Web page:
- “My first was five days past my due date. My second was born on the due date that I calculated, but he was two days “late” by the doctor’s date. My third was born on her NFP due date.” — Jill
- “I went into labor two weeks early—at 38 weeks. With my second, I was two weeks—you guessed it—late.” — Maya
- “I went into labor with each of my three sons very late—42 weeks, 42 weeks, and 43 weeks.” — Patty
- “Spontaneous labor 36 weeks, and then 37 weeks for my second. No NICU needed.” — Rachel
How Late Can Babies Be Born?
Almost all babies are born within three (or even four) weeks of the due date, but most medical providers will not advise a pregnant mother to go past 42 weeks. Babies are very rarely born past 42 weeks, because labor is usually induced by 42 weeks if it doesn’t start spontaneously.
Going past 42 weeks is called “post term,” and studies show that inducing rather than going into “post term” reduces the risk of complications, including meconium aspiration, placental breakdown, c-section, and more.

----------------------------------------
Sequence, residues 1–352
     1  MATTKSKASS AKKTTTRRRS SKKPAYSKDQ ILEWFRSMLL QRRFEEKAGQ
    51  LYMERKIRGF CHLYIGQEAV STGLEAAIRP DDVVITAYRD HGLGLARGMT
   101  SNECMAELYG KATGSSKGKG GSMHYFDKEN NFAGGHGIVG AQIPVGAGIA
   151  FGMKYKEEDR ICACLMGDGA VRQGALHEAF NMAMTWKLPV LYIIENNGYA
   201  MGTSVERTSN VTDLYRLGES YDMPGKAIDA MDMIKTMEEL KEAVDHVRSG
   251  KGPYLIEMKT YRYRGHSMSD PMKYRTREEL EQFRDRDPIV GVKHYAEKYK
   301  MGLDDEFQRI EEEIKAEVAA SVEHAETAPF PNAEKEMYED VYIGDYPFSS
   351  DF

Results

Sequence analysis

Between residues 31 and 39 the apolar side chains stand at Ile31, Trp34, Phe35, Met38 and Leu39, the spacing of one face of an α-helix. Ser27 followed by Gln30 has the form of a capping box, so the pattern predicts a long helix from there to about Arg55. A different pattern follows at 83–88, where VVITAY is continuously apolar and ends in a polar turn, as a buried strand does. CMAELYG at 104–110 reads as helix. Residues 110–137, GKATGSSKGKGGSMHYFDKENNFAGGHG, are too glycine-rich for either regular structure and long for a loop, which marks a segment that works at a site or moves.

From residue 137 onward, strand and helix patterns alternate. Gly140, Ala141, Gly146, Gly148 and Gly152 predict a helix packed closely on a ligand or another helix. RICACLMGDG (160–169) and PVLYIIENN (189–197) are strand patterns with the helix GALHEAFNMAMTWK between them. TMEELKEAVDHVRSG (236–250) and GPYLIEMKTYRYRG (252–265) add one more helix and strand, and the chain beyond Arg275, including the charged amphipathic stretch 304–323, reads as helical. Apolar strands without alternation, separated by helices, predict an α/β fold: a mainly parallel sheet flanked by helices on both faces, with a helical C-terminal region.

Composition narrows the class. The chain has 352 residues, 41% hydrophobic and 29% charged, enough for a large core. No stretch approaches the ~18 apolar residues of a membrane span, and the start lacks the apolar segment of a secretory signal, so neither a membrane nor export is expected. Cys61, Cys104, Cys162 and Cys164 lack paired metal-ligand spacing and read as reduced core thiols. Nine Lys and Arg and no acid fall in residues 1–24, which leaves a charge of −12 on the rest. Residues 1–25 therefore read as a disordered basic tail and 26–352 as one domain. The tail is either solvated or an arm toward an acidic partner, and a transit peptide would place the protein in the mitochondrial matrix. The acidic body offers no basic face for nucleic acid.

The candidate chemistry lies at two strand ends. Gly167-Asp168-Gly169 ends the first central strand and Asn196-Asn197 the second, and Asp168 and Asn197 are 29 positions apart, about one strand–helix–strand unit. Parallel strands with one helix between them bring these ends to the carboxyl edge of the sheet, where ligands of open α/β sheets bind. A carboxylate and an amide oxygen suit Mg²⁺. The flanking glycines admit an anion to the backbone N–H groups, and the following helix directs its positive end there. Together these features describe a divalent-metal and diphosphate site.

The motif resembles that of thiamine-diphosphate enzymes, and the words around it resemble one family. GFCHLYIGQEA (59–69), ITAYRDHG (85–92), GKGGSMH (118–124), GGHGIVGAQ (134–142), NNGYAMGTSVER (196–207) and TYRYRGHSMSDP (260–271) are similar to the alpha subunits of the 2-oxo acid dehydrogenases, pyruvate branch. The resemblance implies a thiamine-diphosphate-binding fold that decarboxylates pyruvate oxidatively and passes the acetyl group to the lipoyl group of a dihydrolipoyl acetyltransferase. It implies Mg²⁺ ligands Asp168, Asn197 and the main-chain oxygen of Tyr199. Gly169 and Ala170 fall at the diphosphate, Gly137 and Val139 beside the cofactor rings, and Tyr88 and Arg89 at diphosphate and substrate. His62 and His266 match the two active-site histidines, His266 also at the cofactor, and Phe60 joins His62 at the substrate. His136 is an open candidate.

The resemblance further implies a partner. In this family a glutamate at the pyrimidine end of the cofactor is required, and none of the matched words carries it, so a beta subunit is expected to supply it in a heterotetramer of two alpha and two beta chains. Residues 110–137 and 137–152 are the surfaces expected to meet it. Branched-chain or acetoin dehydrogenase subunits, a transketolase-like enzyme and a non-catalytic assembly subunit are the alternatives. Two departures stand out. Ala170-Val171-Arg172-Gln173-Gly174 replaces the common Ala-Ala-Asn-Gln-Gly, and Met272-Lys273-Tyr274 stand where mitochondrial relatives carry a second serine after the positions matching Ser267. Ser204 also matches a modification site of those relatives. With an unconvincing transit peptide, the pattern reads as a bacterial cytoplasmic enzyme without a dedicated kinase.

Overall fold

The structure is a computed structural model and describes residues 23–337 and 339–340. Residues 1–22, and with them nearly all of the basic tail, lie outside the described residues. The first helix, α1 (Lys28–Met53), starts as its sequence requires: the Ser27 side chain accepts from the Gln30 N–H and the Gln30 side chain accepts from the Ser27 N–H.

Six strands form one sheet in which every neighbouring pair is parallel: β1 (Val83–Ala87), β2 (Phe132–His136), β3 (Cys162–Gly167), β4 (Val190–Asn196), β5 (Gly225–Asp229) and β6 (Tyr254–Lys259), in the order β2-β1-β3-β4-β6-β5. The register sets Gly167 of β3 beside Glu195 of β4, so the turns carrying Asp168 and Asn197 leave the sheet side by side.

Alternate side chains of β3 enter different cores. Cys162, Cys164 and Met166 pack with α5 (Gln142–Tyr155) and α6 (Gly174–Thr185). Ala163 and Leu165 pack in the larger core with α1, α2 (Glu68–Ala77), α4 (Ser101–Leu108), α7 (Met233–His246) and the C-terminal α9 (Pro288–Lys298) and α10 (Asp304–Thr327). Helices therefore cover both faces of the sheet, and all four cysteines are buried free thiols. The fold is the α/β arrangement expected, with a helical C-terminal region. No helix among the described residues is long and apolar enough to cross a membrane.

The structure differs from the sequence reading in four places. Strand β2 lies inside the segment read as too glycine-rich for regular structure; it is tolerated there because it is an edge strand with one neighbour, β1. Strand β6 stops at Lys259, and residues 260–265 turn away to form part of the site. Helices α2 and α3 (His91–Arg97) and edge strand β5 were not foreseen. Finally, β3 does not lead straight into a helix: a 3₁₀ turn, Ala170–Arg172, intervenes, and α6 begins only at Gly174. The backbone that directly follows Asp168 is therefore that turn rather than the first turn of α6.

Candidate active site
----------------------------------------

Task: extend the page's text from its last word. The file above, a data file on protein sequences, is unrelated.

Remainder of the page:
When Should You Worry About Being Late?
For low-risk women there is evidence that with each day past the estimated due date, the risk of still birth begins to increase. The risk continues to increase slightly between 40 to 41 weeks and then becomes more exponential after 41-42 weeks gestation. Most providers from my experience recommend induction by 41 weeks for this reason. — certified nurse midwife Cynthia Mason
How far you can safely go past your due date depends on the following factors:
- A multiple pregnancy
- High blood pressure
- Autoimmune disorders, like Lupus